The paper basically combines the substitution effect and the threshold or portfolio effect to argue we should not be too quick to infer particular policy conclusions from considerations of relative status.
Furthermore a consumption tax doesn’t necessarily limit status games through consumption (e.g., buying a bigger yacht), though it may postpone them. A consumption tax encourages savings, which ends up converted into future consumption. The status/consumption game will be all the more intense in the future. The only way to lower the total amount of these status games is to…umm…lower real gdp. Which is not a good idea.
After an electronic system is put in place, tolls start rising
sharply. Take two tollbooths that charge the same fee and are in a
similar setting – both on highways leading into a big city, for
instance. A decade after one of them gets electronic tolls, it will be
about 30 percent more expensive on average than a similar tollbooth
without it. There are no shortage of examples: the Golden Gate Bridge,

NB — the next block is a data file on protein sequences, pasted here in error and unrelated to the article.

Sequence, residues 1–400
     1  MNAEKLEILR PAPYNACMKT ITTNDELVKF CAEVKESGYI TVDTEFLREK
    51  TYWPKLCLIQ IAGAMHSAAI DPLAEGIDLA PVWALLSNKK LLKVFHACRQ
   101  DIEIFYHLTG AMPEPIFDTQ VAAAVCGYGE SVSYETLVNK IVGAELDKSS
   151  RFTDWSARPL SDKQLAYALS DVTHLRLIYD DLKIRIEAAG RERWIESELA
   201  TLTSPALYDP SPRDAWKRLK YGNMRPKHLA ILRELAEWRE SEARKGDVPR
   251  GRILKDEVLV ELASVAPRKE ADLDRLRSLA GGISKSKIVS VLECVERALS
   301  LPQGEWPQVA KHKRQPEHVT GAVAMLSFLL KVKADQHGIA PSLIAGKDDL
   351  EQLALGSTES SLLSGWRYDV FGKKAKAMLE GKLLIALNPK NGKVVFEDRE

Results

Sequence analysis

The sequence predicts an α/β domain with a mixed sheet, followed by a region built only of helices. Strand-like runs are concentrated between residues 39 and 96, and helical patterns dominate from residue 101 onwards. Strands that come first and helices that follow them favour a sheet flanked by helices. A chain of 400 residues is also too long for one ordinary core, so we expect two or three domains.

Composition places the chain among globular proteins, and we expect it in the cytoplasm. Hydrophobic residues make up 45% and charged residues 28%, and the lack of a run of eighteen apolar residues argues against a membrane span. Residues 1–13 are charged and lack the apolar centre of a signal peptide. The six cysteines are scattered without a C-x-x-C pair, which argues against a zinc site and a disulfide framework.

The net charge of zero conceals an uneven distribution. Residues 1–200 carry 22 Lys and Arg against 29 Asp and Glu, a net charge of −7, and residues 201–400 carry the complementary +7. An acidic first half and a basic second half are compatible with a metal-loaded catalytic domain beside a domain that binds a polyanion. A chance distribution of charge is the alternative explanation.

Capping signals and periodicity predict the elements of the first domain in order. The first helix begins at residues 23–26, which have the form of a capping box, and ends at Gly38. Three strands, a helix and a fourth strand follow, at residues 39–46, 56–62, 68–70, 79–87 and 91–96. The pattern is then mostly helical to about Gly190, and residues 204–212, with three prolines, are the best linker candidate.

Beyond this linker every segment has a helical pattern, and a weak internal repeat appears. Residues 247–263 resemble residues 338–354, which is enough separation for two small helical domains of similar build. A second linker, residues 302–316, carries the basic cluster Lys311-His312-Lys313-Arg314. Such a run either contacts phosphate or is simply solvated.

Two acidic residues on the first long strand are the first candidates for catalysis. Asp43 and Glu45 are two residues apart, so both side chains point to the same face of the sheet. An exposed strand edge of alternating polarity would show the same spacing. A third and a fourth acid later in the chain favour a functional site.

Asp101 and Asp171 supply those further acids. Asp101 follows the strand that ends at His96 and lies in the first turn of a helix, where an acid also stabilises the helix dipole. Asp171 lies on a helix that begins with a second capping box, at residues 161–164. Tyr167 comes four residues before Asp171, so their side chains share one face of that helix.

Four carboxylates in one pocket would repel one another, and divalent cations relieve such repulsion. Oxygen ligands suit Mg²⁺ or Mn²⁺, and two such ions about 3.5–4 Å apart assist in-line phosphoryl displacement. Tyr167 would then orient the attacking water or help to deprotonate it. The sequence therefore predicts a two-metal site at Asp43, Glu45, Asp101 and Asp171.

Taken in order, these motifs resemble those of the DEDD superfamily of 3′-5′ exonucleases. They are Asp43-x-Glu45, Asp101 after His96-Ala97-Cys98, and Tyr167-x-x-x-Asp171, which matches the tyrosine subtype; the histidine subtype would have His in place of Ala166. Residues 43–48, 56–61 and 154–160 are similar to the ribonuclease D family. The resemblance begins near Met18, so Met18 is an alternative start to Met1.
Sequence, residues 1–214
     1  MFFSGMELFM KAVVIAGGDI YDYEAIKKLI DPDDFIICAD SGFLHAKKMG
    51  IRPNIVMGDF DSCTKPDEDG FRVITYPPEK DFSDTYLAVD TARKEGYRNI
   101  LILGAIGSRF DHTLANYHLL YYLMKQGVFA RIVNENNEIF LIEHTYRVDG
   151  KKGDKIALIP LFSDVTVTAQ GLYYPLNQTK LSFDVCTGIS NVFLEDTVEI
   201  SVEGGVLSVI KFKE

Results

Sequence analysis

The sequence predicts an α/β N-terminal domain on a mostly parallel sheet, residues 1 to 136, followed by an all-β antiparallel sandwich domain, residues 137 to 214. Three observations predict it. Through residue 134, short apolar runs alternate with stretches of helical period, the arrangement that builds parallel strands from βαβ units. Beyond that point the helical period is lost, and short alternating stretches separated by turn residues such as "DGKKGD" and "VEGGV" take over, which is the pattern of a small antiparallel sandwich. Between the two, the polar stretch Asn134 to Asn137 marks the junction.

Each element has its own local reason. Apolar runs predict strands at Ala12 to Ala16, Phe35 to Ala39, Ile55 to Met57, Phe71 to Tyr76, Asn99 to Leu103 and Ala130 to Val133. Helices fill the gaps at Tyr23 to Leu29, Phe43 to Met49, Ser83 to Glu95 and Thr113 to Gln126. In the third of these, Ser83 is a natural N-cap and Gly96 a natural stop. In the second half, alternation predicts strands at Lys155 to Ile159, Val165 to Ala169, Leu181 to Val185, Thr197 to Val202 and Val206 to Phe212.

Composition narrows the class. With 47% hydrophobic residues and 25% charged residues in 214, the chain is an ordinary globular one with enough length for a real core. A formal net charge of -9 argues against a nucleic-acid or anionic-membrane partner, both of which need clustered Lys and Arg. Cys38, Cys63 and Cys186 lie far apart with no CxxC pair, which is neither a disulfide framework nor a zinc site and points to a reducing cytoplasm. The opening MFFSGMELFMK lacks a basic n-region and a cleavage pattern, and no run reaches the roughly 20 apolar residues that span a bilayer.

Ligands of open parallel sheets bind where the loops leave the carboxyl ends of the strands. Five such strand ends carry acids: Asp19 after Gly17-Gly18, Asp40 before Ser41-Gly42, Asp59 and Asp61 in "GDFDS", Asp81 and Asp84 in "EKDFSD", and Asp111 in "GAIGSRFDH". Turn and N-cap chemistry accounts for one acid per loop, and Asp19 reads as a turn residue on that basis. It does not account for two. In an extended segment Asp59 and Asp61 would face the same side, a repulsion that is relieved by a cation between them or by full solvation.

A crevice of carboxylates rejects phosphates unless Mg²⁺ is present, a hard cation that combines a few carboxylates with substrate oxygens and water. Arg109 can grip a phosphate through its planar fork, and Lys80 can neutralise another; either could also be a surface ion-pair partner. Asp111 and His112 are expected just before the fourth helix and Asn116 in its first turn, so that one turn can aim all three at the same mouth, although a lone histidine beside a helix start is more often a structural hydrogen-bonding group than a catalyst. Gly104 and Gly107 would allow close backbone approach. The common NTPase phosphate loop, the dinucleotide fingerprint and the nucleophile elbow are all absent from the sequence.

the George Washington Bridge and the Tappan Zee Bridge, among them.
“You may be less aware you’re paying the toll,” said Ms. Finkelstein, now an associate professor at M.I.T., “but you’re paying a higher toll than you used to.”
Here is the full story. One thought is the Brennan-Buchanan government rapaciousness angle, layered on top of behavioral imperfections. This result is also why electronically extracted tolls might reduce congestion less than we would expect; they’re not sufficiently noticed. Mark Thoma suggests some other interpretations of the data, namely that the electronic toll, by lowering traffic, inconvenience, and queuing to pay tolls, allows the highway authorities to raise the monetary fee to restore the previous net price.
Things I Can’t Do: Use gmail properly, insert a non-distorted TextBox diagram into a Word document, drive a stick shift, attach a zip drive, explain the distribution of prime numbers, set up a directory in a Verizon cell phone.
Things I Can Do: Blog, order books on Amazon.com, drive and parallel park on the left side of the road, set up, use, and type on an iPhone.